I read that one because of Tasha/ Heidenkind and her glowing review. It is so completely her fault and she knows it. Thanks, I guess – my revenge is coming ;).
Synopsis (from Goodreads):
My name is Jade Lennon and I stand still for money.
The night I saw Shane Arthur watching me everything changed. A man in a suit always catches my eye, but it was the way he looked at me that was different. Like he knew me or something. He didn’t know me, especially not in my costume. My sobriety rests on staying away from men, but there was something about him that made me throw caution to the wind.
After all, I was never going to see him again? No strings attached, right?
Standing still isn’t the only way I make my money. I also bartend at a concert hall. Never in my wildest dreams did I think Shane was going to show up there. Not only that, but he’s the most recent addition to the orchestra. So now on a daily basis I have to resist one of the most beautiful men I’ve ever met and he plays the violin. For me that’s one hell of a deadly cocktail.
He wants me to teach him how to live. I’m not sure how much a twenty-six year old recovering alcoholic who works in a bar and moonlights as a living statue can teach a world class concert violinist, but I’m sure going to try.
If anybody wonders: this review will be the ultimate proof to what extent I am not a romantic creature. Still let’s start with something positive.
In this novel we have a woman who busks as a blue winged angel or a fairy (depending on your fantasy preferences) – she is the so-called ‘living statue’, standing on a wooden box pedestal for hours without moving until she gets a coin or two. People pay her for the image she creates. Or tease her mercilessly. Or call her an art slut. Anything can happen on a busy street of Dublin. Of course she has a day job as well – she does a bit of everything at the local concert hall, mainly working as a barrista and waiting tables. As I’ve already mentioned the story takes place in Dublin and the author weaves the city and the culture very nicely in. Now there is our male protagonist, Shane. He is a concert violinist who gets a job at that very concert hall Jade works during the day. I will comment on this fact later.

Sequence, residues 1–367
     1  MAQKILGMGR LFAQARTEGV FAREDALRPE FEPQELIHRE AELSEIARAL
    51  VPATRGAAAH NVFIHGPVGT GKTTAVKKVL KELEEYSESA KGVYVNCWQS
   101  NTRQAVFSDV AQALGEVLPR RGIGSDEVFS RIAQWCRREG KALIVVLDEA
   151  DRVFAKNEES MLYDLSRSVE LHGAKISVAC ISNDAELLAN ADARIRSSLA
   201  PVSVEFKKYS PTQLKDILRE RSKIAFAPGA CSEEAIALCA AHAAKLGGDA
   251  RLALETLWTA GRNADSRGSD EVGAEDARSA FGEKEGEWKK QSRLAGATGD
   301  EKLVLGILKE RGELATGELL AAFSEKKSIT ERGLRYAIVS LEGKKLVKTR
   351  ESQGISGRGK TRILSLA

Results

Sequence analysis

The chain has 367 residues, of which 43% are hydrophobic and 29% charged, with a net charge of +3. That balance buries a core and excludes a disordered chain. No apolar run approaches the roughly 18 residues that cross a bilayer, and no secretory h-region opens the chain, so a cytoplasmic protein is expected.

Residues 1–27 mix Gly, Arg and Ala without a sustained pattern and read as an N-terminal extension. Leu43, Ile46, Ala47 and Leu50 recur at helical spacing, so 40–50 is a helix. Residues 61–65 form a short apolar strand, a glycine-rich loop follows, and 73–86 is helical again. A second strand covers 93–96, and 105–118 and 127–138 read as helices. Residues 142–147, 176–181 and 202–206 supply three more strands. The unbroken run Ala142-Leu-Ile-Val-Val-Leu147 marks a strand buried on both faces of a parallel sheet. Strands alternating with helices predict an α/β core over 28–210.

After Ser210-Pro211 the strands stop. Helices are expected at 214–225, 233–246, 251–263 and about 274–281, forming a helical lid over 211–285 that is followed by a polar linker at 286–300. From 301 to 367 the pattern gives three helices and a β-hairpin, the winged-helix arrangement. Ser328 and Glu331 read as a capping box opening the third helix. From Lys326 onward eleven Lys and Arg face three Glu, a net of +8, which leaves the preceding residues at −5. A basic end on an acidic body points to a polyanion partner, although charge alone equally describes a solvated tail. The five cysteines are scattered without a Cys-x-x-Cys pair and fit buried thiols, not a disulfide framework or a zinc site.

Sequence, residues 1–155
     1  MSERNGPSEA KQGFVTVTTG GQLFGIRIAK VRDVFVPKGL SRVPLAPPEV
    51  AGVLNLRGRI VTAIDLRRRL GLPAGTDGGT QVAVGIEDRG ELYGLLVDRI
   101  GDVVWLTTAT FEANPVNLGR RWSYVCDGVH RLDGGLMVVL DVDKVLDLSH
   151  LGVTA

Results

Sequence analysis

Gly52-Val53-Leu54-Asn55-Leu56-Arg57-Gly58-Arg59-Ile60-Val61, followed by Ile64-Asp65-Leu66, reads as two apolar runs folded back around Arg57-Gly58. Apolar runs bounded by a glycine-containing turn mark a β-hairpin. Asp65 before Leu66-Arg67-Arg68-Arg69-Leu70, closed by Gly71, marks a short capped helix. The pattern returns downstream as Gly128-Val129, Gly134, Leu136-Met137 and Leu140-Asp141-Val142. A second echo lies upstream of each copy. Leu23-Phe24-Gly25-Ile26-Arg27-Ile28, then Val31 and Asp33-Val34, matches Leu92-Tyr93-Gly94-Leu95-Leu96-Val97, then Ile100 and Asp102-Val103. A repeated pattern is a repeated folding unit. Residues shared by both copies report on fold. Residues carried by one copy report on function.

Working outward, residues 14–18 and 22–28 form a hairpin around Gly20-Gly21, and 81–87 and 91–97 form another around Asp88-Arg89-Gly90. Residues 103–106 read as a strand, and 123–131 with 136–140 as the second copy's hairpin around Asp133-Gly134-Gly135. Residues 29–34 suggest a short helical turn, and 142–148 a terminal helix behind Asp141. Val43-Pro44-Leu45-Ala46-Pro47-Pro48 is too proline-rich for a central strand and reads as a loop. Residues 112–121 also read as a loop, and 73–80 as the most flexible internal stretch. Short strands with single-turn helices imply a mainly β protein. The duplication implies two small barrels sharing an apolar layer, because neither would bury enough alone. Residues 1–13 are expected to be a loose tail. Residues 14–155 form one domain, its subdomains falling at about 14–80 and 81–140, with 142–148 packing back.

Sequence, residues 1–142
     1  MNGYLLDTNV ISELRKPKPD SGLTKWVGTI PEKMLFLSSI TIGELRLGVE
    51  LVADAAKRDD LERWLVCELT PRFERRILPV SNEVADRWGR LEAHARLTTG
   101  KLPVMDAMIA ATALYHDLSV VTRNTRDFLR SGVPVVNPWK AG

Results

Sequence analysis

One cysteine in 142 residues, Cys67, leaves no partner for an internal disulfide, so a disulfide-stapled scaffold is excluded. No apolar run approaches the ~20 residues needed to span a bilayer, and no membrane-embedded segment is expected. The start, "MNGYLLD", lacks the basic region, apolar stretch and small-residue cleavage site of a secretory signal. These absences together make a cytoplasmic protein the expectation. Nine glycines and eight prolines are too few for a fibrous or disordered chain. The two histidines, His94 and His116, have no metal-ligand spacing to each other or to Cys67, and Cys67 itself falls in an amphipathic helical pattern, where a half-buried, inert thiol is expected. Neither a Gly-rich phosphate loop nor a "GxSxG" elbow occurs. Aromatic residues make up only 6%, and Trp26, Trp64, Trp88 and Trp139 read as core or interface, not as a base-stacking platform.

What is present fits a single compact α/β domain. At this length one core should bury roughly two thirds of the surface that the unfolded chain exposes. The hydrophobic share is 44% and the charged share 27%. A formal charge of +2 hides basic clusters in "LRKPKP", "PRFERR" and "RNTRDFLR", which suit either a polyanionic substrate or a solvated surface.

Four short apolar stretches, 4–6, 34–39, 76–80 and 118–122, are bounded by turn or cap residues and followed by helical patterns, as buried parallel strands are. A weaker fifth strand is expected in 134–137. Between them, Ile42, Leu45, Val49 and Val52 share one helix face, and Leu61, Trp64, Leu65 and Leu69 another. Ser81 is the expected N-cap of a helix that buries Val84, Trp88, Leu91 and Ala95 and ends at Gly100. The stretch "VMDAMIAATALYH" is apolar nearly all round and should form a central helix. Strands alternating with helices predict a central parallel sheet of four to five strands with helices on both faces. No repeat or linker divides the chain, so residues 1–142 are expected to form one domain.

I admit Jade was at first a very likeable character – a young woman with a lot of responsibilities, raising her younger teenage siblings. She didn’t whine about her difficult life situation, she moved forward as fast as she could. What’s more she was proud of herself and her family for all they were acomplishing. Shane was an interesting character as well but for slightly different reasons. His birth mother was Chinese, but he was raised by upper class Irish parents. He demonstrated a talent for the violin early, so has always been privately schooled and trained by private tutors – small wonder he came off as a bit sheltered and craved ‘real life’ experiences and friends he’s never had an occasion to acquire. So far so good.
Still there were several things which prevented me from appreciating all those positive points, with one issue becoming after a while a real deal-breaker. I wasn’t exactly thrilled that the author made the plot moving forward by piling up a bunch of coincidences, one less believable than the other, just to prove that God, Goddess, Mother Nature, the entire Universe, powers that be, Darwinian evolution and also possibly little green aliens were conspiring to bring Jade and Shane together. As if it wasn’t enough that they were two young, healthy adults, quite good-looking and currently unattached. Ugh. Now let me present my case in more detail (spoiler section: highlight to read or skip)